New Intermodal Hub Gets Closer to Beginning Service


On May 9, The Indiana Rail Road Company (INRD), in conjunction with the Canadian National Railway (CN), is celebrating the introduction of direct Asia-Indianapolis intermodal freight service as it nears completion of its new hub just south of downtown Indianapolis. The INRD is expanding its existing Senate Avenue terminal and is including a container yard and an on-site agricultural products loading facility that is expected to open in July of this year.

The new facility will allow companies that ship products through Indiana to avoid the often congested intermodal hub in Chicago. Many Indiana shippers experience long truck lines, costly drayage costs (fuel, labor, maintenance, etc.) and detention charges when using the Chicago rail yards. The new facility will also allow access to a more efficient all-rail route to ports in western Canada (the Port of Vancouver and the Port of Prince Rupert in British Columbia) with access to multiple shipping lines offering weekly service to all major Asian ports.

The Conexus Indiana Logistics Council (CILC), a statewide group of logistics executives and thought leaders, has been a consistent advocate for expanded intermodal service and helped to facilitate the agreement. “This new direct west coast service, that will bypass Chicago, is a game-changer for Indiana business that will lead to time and cost efficiencies for logistics users and will help Indiana maintain and grow our position as the “Crossroads of America,” said David Holt, vice president of operations and business development for Conexus Indiana.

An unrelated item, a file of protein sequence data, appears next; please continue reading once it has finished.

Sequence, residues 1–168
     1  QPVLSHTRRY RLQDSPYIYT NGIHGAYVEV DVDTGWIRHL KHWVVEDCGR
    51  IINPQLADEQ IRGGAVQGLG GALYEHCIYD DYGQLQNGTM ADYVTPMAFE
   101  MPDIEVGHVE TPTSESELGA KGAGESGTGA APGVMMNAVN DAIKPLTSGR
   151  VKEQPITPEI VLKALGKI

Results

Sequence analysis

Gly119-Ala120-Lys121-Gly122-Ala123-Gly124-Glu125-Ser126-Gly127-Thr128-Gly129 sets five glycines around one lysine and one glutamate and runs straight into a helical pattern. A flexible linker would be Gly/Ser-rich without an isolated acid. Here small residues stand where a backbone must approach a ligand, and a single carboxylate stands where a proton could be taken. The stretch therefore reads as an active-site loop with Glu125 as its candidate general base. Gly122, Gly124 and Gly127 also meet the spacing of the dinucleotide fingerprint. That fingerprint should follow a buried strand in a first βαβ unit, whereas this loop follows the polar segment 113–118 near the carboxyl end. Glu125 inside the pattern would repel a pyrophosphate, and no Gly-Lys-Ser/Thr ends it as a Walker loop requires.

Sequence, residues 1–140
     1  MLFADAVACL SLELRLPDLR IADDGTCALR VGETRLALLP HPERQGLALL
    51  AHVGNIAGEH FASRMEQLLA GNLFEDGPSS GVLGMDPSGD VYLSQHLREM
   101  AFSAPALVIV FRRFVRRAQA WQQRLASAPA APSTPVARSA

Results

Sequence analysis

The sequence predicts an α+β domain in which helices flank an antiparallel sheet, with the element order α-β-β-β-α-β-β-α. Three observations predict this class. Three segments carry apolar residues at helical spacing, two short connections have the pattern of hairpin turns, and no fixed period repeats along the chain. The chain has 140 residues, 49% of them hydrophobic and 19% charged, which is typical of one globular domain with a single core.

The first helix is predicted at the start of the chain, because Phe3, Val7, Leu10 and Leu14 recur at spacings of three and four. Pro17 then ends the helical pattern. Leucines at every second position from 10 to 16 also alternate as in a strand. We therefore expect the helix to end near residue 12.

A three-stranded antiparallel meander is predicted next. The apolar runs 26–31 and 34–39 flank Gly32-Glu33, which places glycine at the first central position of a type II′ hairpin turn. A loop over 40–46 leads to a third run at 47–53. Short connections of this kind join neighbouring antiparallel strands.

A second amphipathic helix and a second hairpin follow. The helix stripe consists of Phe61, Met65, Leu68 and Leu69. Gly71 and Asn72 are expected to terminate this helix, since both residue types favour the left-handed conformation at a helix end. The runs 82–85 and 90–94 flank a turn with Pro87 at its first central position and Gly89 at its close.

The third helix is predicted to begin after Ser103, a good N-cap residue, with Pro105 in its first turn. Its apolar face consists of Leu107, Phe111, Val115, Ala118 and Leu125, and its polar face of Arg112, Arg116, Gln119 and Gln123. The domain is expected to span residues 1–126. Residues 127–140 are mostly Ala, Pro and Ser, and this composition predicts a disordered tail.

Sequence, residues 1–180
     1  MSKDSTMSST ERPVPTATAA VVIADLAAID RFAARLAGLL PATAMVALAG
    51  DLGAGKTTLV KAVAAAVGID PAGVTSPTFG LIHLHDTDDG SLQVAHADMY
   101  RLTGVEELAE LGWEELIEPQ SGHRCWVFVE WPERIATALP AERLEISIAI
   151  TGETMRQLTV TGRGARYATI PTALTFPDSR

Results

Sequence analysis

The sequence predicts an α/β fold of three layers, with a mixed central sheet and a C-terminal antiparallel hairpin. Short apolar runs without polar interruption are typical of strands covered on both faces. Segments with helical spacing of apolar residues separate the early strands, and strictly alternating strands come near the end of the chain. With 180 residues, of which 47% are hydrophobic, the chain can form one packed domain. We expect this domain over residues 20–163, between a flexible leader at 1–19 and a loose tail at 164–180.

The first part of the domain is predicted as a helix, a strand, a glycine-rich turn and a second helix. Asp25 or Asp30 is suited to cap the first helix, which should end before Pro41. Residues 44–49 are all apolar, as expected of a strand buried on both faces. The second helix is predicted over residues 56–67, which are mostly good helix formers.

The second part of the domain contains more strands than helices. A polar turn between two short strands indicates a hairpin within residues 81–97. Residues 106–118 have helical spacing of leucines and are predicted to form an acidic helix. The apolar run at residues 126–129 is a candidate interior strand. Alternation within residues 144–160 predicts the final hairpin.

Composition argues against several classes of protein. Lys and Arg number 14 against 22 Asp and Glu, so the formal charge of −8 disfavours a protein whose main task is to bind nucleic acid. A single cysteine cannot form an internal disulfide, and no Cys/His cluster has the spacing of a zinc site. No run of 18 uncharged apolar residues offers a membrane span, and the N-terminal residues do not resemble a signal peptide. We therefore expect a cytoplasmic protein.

“For Indiana, the possibilities are much more far reaching. The direct rail service can now encourage third party logistic providers (i.e. consolidators, trucking companies) to focus more closely on potential business with local importers and exporters translating into increased local jobs,” said Chip Edgington, executive vice president of operations, OSP Group and chair of CILC. “Additionally, the significant congestion issues in Chicago, coupled with the growing service demands of customers, may encourage neighboring states to consider Indianapolis as a viable option for direct rail in the future.”

The Indianapolis facility will begin accepting empty containers in June 2013. CN officials estimate that the service will allow cargo to flow between Indianapolis and Shanghai in as little as 18-20 days.